Clearly labeled as serial number four and dated 1966! That's forty four years ago! There is one other of these Videocorders in existance, not counting the engineering prototype unit. According to Albert Abramson's book, The History of Television 1942 to 2000: In March 1967 Sony showed two of its newest color video tape recorders: The CV-5100 at $1,500 and the EV-200....(p 117) This is the only reference to the CV-5100 that I can find in all of my extensive literature.

      In the third photo is the connector bay. Notice the big multipin connector for the monitor. Since the Videocorder and color TV monitor need to be slaved together, a few extra signals were needed which then required more pins to accomodate them. At this time, I have no idea what the test button does. The camera connector was, most likely, intended for the CVC-2000 black and white vidicon camera used also with the CV-2000. Notice the conspicuous absence of a direct video input. This would imply that color processing was done in the monitor, where the circuits for this purpose already existed. The direct video input would have gone into the back of the receiver / monitor.

      The last photo clearly shows two of the four video recording and playback heads. Note that the pair of heads set on different planes. This allows them to write or read two tracks simultaneously. That is why the tape speed is higher for this deck then for the CV-2000. The linear tape speed determines the spacing between the video tracks. One head records the luma or Y, the black and white part of the video signal. The second head records chroma or C, the color component of the video signal. The video signal is composed of separte Y/C signals the same as SVHS used some fifteen years later and is still in limited use today.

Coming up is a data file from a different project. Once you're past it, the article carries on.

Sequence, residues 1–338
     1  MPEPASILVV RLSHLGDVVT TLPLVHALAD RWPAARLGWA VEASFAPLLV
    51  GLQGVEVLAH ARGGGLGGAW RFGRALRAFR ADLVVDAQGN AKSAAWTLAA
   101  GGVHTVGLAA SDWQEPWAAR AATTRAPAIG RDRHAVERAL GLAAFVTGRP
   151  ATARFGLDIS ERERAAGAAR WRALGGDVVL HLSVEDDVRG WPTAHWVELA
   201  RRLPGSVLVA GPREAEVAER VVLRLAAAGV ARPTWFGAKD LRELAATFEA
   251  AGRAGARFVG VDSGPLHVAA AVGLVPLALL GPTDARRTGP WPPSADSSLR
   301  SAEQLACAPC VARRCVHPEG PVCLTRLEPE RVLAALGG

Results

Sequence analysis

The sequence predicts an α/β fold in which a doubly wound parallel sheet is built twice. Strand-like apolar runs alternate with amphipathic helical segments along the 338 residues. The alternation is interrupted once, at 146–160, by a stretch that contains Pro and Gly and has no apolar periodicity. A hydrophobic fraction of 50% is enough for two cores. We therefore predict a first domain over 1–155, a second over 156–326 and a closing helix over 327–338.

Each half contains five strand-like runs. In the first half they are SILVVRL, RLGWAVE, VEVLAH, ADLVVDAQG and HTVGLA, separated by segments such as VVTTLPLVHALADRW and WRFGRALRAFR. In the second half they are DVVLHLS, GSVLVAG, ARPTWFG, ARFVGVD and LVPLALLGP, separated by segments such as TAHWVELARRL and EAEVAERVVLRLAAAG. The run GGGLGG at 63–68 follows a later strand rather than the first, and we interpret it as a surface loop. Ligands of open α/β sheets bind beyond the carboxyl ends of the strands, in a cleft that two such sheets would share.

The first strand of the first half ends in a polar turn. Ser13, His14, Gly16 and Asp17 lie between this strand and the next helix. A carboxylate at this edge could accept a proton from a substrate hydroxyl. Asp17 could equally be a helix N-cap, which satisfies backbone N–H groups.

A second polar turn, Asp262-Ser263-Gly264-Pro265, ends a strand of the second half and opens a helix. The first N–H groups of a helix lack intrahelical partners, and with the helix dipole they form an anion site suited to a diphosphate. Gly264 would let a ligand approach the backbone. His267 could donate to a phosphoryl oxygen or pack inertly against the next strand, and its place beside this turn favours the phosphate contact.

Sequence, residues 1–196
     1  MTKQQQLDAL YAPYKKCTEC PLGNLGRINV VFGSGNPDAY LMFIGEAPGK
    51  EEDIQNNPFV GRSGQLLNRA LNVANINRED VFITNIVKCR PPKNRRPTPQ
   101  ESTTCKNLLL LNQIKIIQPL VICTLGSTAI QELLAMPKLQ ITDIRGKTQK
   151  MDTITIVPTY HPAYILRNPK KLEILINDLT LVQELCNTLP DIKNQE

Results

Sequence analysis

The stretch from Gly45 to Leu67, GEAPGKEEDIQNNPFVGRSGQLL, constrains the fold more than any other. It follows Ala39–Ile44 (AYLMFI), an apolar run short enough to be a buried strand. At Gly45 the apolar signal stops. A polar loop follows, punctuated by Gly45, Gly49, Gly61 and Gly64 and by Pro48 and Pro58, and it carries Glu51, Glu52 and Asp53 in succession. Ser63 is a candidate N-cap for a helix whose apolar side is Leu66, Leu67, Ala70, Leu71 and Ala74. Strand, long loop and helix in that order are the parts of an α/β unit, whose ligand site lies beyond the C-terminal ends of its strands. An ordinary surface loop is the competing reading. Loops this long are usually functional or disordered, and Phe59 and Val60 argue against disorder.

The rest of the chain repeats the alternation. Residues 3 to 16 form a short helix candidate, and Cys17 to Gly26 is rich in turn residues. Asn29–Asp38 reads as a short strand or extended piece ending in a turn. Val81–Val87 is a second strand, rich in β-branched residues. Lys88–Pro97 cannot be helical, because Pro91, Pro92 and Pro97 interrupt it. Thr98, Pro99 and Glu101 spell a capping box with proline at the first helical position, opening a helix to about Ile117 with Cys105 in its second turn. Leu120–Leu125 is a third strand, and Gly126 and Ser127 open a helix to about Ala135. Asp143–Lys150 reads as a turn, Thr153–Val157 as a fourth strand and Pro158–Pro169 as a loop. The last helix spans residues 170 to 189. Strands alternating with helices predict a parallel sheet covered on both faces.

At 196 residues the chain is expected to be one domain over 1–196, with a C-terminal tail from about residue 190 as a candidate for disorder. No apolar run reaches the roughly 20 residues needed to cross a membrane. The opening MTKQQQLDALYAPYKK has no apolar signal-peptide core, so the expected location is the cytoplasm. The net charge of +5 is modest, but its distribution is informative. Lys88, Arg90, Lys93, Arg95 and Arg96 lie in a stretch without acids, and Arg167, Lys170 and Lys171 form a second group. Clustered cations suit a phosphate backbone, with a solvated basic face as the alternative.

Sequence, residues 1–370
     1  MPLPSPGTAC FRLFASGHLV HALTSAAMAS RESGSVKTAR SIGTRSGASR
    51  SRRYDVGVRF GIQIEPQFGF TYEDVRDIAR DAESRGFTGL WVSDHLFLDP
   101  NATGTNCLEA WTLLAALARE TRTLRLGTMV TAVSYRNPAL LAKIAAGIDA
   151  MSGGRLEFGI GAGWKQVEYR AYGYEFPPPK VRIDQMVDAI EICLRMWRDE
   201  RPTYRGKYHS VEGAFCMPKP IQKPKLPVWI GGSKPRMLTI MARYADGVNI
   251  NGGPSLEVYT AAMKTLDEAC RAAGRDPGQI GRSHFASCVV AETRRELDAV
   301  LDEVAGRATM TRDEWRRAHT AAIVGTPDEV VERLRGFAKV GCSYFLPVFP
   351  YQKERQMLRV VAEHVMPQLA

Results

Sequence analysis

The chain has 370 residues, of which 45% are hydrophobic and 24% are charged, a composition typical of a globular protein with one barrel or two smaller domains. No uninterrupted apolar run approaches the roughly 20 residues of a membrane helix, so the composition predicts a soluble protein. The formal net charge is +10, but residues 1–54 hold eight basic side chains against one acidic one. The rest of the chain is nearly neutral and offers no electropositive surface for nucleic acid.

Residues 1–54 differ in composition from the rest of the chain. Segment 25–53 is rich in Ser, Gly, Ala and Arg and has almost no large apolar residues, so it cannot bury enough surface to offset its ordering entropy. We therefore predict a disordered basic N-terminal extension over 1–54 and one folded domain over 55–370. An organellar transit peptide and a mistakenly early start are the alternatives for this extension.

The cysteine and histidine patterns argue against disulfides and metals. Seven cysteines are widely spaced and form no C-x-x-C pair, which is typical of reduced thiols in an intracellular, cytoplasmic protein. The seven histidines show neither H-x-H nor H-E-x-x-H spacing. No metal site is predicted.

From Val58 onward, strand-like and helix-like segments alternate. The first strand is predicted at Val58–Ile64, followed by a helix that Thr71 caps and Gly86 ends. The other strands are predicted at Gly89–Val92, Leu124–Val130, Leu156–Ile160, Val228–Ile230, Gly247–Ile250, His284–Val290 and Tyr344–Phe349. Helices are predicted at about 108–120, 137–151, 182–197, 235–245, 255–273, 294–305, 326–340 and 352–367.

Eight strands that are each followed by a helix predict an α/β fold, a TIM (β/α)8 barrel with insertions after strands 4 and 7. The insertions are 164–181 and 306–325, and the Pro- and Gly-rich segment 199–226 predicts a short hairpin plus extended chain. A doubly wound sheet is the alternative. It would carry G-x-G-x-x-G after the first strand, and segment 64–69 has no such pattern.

Still looking good after 44 years!

      The CV-5100 color Videocorder is housed in a beautiful walnut (veneer on plywood) cabinet in the standard Sony style. The top covers and tape transport have a eye catching brushed aluminum styling. The condition of this videocorder is showroom new. It was still in original packaging when I received it.

      In 1966, Sony brought approximately 25 color CV-5100 Videocorders into the U.S. to show at the IRE (now IEEE) show. These machines were never sold and most of them were ultimately destroyed. Specifications: NTSC Color, 4 video heads, mono audio, 1/2" tape, 12 IPS, 40 minutes on 7" reels / 2400' tapes, weight 66 pounds. One hundred percent solid state. (No vacuum tubes) Specifications come from Electronics World Magazine - November, 1966. Other misc. information provided by Howard Katz.

      It would be a miracle to find the matching video monitor for this recorder. Does anyone have any general information about this machine, its mating color monitor, or any other features or accessories that may have accompanied this product? Any literature would be great as well. If any readers have information about this machine, please [write to Labguy!]


Created: August 30, 2010 Last updated: August 29, 2010